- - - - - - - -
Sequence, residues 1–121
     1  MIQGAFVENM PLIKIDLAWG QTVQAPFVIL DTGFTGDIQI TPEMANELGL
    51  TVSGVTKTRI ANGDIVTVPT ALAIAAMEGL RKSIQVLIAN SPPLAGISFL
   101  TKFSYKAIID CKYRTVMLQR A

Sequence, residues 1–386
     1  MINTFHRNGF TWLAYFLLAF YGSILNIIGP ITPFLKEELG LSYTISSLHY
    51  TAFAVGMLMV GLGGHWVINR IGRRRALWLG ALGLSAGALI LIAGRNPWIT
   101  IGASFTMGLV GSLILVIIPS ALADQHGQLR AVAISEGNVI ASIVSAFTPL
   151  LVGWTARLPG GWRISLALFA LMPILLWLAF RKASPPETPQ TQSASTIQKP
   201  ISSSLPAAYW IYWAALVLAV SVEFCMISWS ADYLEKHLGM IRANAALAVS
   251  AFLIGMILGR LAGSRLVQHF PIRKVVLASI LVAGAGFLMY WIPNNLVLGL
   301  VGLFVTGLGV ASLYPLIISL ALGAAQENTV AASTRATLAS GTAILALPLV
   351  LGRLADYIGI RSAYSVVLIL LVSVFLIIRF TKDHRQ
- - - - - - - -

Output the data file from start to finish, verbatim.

Sequence, residues 1–121
     1  MIQGAFVENM PLIKIDLAWG QTVQAPFVIL DTGFTGDIQI TPEMANELGL
    51  TVSGVTKTRI ANGDIVTVPT ALAIAAMEGL RKSIQVLIAN SPPLAGISFL
   101  TKFSYKAIID CKYRTVMLQR A

Sequence, residues 1–386
     1  MINTFHRNGF TWLAYFLLAF YGSILNIIGP ITPFLKEELG LSYTISSLHY
    51  TAFAVGMLMV GLGGHWVINR IGRRRALWLG ALGLSAGALI LIAGRNPWIT
   101  IGASFTMGLV GSLILVIIPS ALADQHGQLR AVAISEGNVI ASIVSAFTPL
   151  LVGWTARLPG GWRISLALFA LMPILLWLAF RKASPPETPQ TQSASTIQKP
   201  ISSSLPAAYW IYWAALVLAV SVEFCMISWS ADYLEKHLGM IRANAALAVS
   251  AFLIGMILGR LAGSRLVQHF PIRKVVLASI LVAGAGFLMY WIPNNLVLGL
   301  VGLFVTGLGV ASLYPLIISL ALGAAQENTV AASTRATLAS GTAILALPLV
   351  LGRLADYIGI RSAYSVVLIL LVSVFLIIRF TKDHRQ